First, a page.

The image is published, dimensions set, so that mobile and desktop users will not complain. What else may users expect? Interaction!
In the case of images, interaction is essential, especially if the published photos are small, because users will involuntarily click to enlarge them.
The process of enlarging images can be a topic for separate discussion. Zooming mechanisms can vary, from simply opening a larger picture in a new browser tab or using pop-up windows (e.g. fancybox), to different zooming or magnifying glass-like animations.
If the number of images on our website increases, then the problem of loading different pictures may occur. Placing many images on a single page results in a lot of data that a user’s computer have to download from the Internet, which usually results in extended waiting periods.
It is good practice to plan how the images will be presented before they are completely loaded. Leaving white spaces may mislead users while loading pictures piece by piece doesn’t look good, especially if there are a lot of images on the page.
A good way of handling this problem is to use so-called pre-loaders, which will show the awaiting/loading animation while the image is being loaded.
In some cases, we also have to secure a published picture to prohibit unauthorized access or copying. If for example, our web page contains a section restricted to only logged in users, our IT vendor should make sure that not only the section is publicly inaccessible but the images published inside of that section as well.
In addition, if our website is, let's say, a marketplace with photos, it is important to make sure that our vendor has secured the pictures with a watermark, preventing illegal copying and copyright infringement.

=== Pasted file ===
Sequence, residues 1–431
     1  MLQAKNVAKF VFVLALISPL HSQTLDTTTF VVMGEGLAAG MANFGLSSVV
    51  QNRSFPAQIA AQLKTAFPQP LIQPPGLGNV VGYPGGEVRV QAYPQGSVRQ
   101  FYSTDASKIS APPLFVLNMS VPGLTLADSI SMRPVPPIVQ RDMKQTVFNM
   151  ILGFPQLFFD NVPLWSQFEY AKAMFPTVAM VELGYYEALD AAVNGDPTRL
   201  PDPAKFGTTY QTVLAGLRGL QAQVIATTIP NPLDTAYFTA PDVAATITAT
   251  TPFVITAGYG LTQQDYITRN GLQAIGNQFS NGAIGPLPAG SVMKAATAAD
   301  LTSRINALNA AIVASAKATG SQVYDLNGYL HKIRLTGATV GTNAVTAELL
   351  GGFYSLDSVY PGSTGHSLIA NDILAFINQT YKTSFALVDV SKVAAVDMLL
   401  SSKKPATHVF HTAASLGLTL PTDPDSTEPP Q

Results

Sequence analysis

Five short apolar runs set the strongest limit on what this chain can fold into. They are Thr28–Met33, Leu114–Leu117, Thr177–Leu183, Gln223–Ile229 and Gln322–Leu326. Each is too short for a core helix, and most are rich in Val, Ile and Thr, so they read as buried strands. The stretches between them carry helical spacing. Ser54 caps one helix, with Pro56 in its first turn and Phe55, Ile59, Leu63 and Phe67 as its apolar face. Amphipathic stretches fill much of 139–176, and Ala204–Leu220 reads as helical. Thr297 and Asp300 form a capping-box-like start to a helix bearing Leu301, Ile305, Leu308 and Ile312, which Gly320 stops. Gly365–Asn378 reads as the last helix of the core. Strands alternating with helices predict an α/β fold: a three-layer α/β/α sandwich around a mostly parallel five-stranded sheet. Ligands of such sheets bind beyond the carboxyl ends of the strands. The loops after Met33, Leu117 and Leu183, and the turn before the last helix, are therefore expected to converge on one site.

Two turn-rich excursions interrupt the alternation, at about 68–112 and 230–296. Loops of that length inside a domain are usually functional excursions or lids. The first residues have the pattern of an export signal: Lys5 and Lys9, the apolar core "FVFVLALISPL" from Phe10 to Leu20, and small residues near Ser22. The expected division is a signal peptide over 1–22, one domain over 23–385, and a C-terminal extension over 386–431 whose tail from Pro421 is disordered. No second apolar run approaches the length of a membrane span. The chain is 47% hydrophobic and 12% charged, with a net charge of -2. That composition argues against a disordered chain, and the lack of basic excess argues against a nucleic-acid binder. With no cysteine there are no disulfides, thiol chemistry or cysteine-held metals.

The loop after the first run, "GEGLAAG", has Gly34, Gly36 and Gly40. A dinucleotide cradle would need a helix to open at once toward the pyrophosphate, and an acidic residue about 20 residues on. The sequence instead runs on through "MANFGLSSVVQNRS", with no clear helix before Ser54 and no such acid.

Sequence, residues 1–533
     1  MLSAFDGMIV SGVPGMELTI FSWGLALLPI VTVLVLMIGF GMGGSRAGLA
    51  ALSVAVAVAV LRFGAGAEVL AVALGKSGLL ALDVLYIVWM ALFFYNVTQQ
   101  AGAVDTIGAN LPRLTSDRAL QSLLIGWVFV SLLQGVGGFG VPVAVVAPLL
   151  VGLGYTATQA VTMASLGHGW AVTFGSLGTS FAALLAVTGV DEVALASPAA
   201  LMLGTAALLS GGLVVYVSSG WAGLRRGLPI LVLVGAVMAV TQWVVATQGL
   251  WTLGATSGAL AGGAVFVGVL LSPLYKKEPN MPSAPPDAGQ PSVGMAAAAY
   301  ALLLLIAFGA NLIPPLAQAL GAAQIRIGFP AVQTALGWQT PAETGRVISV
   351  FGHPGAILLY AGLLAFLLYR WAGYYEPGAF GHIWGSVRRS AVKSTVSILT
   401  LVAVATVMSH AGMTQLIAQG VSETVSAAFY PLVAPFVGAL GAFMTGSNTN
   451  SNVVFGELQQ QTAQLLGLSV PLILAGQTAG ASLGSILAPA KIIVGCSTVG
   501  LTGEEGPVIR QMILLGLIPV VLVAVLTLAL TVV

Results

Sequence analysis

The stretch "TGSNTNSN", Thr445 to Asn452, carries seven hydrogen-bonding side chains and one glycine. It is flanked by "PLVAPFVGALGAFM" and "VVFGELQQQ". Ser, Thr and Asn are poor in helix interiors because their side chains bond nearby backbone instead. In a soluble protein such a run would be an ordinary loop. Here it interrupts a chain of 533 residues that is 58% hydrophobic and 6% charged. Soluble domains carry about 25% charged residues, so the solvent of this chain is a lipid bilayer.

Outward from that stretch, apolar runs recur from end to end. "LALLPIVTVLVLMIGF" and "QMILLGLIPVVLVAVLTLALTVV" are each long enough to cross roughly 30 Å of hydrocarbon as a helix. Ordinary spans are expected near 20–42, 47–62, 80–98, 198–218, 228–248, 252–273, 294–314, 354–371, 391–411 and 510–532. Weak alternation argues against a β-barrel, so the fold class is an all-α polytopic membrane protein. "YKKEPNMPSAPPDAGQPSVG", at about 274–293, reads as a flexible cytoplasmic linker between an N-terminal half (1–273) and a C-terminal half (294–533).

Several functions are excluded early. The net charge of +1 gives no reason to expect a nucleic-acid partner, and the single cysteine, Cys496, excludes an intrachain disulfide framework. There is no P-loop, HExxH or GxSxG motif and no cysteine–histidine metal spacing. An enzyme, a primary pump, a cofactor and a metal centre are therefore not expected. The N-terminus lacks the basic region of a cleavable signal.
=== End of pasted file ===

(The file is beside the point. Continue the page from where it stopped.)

Are your standards my standards?
Cropping, zooming, responsiveness, pre-loaders, watermarks… a catalog of good practices (but not all) regarding image publication on a website. The way in which these methods will be implemented on our website will have a serious impact on the reception of the published pictures by users in different situations (user experience).
It is difficult to say what should be treated as a standard and what should be charged extra. Both the vendor and the purchaser will have different expectations which is why it is important to clearly define the parameters you are looking for to avoid misunderstandings.
As the example above has shown, a seemingly easy task can be executed for a token sum or for a significantly higher price. What if we want to publish the whole gallery of images? The possibilities multiply with the complexity of the task. And displaying images is definitely not the most complex function that can be offered by an IT contractor.
Therefore, while selecting the right contractor for IT project it is important to have a look at something more than just project scope and the price, but also what are the company standards for quality, user experience and so on.